- To help you select exercises as you develop your script and assess its progress, the guide includes a detailed menu of exercise summaries as well as an at-a-glance menu for quick reference. At the end of the guide, you also will find a special troubleshooting section that highlights twenty common script problems and identifies specific exercises in the guide that can help you find solutions.
- How were these particular exercises chosen?
- Over the past twenty years, the author has conducted over fifteen hundred workshops for playwrights and screenwriters and has consistently used exercises like these to address the specific character, scene, and story issues that surfaced from week to week during script critiques. The Dramatic Writer’s Companion represents the best of these exercises which have been subsequently tested with different writer groups and refined, as needed, for best results.
- Wouldn’t I be better off just writing my script instead of doing exercises?
- These are not separate activities since you never really leave your script when you are using The Dramatic Writer’s Companion. Each exercise focuses on the unique challenges of your characters, your scenes, and your story. In effect, doing an exercise is the same as working on your script – with some guidance added.
- What if I’ve never developed a script before?
- The guide is meant for writers who are working on a script now or about to begin one. Some familiarity with a dramatic writing process will make it easier to explore and take advantage of the nonlinear design of the book. At the same time, however, each exercise highlights or demonstrates principles of dramatic writing that are often at work in master scripts. For experienced writers, these principles serve as reminders of storytelling basics to either exploit, bend, or ignore. For beginners, they can provide succinct and practical introductions to writing for stage or screen.
- Is there anything new about the dramatic theory in this guide?
- What most makes the guide unique is its nonlinear design, individual focus, and translation of dramatic theory into specific action steps. This theory reflects principles of dramatic storytelling often illustrated in successful plays and screenplays, but does break with some traditional approaches in its emphasis on character as the root function of scene and story. In effect, every exercise in the guide, including every scene and story exercise, is viewed essentially as a character exploration.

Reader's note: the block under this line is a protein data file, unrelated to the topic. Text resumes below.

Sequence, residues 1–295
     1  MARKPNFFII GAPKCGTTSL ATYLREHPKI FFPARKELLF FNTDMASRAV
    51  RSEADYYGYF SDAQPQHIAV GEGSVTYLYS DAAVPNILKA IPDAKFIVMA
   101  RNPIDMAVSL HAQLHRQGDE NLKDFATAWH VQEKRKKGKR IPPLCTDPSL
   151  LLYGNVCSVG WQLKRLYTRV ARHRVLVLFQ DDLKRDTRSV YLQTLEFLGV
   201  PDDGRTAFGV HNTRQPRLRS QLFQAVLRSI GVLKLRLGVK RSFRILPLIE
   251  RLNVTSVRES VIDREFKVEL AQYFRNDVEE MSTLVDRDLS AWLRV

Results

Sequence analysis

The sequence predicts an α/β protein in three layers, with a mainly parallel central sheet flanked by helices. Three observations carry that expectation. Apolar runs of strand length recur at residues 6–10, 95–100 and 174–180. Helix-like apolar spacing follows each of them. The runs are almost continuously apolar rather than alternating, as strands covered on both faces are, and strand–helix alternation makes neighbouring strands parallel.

- With a book that’s nonlinear, how will I know where to begin or what to do next?
- Be sure to read the introduction “About This Guide” which explains how this unique reference tool works. If you prefer to have more structure in selecting exercises, the guide suggests when each may be best to use during the script development process.
- How long does it take to do an exercise?
- That depends on you. Most exercises in the guide can be completed in thirty minutes or less.
- Are these exercises geared more to individual or group use?
- The guide addresses the individual playwright or screenwriter and focuses on an individual play or screenplay – the one the writer is working on now. However, every exercise in the guide can easily be adapted to the needs of writing workshops, classes, and other groups. In fact, each exercise evolved from critique activities in a workshop setting and was originally designed for use by a group of writers.
- I also write fiction. Would these exercises work for that as well?
- As storytellers, fiction writers face many of the same issues as playwrights and screenwriters. For example, they need to develop compelling characters and engaging stories. While the guide speaks directly to playwrights and screenwriters, most of the exercises can be easily adapted to the needs of fiction writers. In fact, the author has successfully used a number of these same exercises in workshops where participants were writing fiction and creative nonfiction.
- How do I get a copy?
- Through the University of Chicago Press or most major bookstores. The Dramatic Writer’s Companion (352 pages) is available in cloth, paper, and electronic versions. Click here to obtain your copy.